Following fake news stories flooding the internet during the recent US presidential elections, Google has decided to restrict such websites from using its advertising software. The company said it was working on a fool-proof policy to prevent these websites from garnering any revenue through its network by spreading false information.
AdSense, Google's advertising network, allows advertisers to place text ads on millions of websites that are part of Google's network. The company says it has always prohibited the platform from being used by sites that promote hate speech or include pornography or violent content but its policies previously did not include restrictions on sites that spread false content.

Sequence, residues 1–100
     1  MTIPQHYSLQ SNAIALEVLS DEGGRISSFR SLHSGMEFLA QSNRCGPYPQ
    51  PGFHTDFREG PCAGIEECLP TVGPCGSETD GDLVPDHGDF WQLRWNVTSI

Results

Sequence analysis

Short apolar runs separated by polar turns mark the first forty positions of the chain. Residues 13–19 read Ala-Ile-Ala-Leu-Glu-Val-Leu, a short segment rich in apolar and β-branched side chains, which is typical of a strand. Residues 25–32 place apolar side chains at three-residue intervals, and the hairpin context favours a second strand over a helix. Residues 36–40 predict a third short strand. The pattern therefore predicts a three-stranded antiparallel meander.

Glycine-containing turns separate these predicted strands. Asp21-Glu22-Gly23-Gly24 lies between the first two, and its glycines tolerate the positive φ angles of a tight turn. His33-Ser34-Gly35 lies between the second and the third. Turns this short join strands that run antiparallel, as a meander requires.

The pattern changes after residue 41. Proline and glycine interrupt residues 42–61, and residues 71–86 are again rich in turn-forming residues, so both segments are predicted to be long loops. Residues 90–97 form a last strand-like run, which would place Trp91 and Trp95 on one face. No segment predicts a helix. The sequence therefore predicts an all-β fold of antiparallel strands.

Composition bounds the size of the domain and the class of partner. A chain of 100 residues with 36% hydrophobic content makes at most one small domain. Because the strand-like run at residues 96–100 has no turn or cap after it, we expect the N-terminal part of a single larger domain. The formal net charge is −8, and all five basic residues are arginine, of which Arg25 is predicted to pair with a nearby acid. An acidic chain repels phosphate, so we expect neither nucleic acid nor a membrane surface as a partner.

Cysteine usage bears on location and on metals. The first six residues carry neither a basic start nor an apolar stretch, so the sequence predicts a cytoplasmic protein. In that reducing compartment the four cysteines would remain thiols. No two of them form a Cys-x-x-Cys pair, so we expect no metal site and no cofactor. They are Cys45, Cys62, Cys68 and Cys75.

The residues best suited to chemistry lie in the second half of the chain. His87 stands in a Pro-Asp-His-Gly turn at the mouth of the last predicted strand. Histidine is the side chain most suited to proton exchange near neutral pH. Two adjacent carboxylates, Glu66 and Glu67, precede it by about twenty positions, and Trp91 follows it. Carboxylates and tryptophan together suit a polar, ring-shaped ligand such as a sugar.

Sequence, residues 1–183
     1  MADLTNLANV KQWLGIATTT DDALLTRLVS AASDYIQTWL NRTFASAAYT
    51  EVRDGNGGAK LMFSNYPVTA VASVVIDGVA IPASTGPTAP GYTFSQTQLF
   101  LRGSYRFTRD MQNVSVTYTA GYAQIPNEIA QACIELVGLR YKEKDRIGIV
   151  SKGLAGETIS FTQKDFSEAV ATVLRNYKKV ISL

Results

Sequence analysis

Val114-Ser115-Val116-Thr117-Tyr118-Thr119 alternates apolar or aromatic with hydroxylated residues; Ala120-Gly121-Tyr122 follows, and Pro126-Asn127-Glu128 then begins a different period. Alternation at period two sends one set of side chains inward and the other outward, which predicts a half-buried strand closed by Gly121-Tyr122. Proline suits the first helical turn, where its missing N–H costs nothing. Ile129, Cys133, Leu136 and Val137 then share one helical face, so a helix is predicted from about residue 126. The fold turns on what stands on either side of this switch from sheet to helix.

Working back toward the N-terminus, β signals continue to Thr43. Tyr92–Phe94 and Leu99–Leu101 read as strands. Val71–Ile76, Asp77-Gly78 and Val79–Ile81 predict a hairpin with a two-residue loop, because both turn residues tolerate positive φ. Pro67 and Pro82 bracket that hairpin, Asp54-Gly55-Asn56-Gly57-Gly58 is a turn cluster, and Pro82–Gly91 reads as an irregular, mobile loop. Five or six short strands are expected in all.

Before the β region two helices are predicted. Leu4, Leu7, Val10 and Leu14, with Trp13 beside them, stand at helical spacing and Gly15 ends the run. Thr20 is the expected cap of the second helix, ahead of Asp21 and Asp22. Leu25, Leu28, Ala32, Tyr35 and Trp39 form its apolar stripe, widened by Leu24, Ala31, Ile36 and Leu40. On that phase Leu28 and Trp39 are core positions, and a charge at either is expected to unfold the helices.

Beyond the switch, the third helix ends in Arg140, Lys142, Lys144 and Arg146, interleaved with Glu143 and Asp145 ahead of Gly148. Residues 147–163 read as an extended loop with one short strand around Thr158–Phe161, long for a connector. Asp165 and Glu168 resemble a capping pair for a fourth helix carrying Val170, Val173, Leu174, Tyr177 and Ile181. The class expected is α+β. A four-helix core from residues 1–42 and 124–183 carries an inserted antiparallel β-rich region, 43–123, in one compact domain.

Although the move aims to curb revenue these sites generate from Google's ad network, it still does not address the issue of fake news or hoaxes appearing in Google search results.
Google's decision comes days after criticism poured in over Google search, Twitter and Facebook being used as promotional platforms for spreading false and malicious information which some experts believe may have swayed voters toward Republican candidate Donald Trump. Facebook CEO Mark Zuckerberg has already come out twice defending his platform in this regard and assured that alleged fake news circulated on Facebook did not influence the outcome of the election.
"Of all the content on Facebook, more than 99% of what people see is authentic," he clarified in a post."Only a very small amount is fake news and hoaxes."